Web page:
Written by a teacher with many years' experience of teaching mathematics to primary school dyslexic and dyspraxic children with a wide range of abilities, this book is designed to be a practical teaching guide. It offers detailed guidance and specific teaching suggestions to all specialist teachers, support teachers, classroom teachers and parents who either directly teach mathematics to dyslexic and dyspraxic children or who support the mathematics teaching programmes of dyslexic or dyspraxic children. Although the book has grown out of teaching experience it is also informed by widely acknowledged contemporary and international research, which explores the cognitive aspects of learning mathematics and tries to understand why it is that some children fail to learn mathematics. Many of the teaching principles described in the text have specific and quite far-reaching implications. The theoretical arguments should therefore also be of interest to special needs co-ordinators, heads of maths departments, head teachers or other professionals who are responsible for designing or modifying the maths learning programmes of children with special learning and maths difficulties. In more general terms, the book hopes to contribute to the broad discussion of the cognitive features and educational needs of dyslexic and dyspraxic children.The written word problems which are found in most text books are stilted, dull and very predictable. So-called a#39;realistica#39; ... Children normally enjoy problems centred on themselves, their families, friends, pursuits and interests. ... When word problems are lively or fun and fit a#39;organicallya#39; into maths sessions, most children will willingly make sense of a#39;the maths in thema#39;. ... Once simple schemas or word- problem types have been understood, more complex schemas should be introduced.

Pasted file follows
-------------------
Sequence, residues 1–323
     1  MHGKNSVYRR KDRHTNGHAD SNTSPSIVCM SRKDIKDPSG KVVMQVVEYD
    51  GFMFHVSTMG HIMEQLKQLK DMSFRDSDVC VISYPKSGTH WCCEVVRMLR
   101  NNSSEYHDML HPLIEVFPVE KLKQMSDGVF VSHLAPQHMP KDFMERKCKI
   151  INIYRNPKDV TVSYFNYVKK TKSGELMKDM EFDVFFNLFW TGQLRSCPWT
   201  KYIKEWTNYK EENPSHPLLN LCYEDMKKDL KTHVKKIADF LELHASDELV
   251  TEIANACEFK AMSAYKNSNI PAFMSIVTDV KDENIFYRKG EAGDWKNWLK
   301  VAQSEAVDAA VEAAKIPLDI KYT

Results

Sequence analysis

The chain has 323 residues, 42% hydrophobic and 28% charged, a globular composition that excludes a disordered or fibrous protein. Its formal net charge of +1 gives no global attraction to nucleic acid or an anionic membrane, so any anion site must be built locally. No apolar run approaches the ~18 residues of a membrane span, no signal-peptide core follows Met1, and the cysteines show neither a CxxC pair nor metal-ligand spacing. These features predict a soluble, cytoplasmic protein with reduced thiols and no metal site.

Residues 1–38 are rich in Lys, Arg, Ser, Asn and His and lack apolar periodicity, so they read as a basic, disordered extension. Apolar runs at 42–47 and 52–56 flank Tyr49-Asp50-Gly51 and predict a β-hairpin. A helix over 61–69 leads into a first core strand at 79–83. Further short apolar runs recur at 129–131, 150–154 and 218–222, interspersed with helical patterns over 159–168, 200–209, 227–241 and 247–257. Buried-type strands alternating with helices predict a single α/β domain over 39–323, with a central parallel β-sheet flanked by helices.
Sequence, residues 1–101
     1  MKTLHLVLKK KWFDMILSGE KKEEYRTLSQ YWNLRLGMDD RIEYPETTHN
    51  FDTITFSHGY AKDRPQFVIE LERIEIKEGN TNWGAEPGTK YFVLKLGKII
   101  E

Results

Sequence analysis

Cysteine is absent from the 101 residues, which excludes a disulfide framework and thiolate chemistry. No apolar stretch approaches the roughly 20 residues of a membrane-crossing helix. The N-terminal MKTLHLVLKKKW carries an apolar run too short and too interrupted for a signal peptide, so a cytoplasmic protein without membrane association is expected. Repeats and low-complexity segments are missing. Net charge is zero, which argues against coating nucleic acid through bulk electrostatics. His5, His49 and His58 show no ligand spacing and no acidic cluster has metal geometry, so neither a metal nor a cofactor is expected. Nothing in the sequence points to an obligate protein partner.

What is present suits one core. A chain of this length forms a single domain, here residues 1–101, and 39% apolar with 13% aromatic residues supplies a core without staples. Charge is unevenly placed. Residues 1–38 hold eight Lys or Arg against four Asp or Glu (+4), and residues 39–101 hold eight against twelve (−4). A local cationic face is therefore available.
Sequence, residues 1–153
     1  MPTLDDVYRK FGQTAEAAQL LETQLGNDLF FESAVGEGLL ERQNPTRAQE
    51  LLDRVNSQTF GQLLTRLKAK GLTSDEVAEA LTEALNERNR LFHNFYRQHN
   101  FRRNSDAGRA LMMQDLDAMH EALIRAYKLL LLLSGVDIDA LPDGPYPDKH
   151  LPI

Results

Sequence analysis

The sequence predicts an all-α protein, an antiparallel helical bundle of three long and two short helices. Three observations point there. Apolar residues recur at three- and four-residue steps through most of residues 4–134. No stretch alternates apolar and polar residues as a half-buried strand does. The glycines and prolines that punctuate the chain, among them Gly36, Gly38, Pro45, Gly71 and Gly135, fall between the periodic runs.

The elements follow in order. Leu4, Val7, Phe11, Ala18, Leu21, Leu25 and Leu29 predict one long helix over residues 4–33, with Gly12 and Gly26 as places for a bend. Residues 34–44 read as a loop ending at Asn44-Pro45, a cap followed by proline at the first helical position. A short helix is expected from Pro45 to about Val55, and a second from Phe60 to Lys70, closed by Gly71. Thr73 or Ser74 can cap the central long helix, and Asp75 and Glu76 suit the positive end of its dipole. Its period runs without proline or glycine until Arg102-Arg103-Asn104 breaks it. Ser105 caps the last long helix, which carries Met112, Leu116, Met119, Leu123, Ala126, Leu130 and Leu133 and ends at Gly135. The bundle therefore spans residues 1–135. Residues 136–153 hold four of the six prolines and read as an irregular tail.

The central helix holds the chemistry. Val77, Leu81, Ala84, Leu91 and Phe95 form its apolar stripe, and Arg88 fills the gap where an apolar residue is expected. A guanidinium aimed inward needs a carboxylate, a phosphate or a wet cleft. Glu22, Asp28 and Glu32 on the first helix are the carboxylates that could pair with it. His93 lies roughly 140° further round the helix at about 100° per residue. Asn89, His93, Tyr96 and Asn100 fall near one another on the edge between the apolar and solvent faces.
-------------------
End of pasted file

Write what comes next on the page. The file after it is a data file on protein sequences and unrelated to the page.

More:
|Title||:||Dyslexia, Dyspraxia and Mathematics|
|Publisher||:||John Wiley & Sons - 2008-04-30|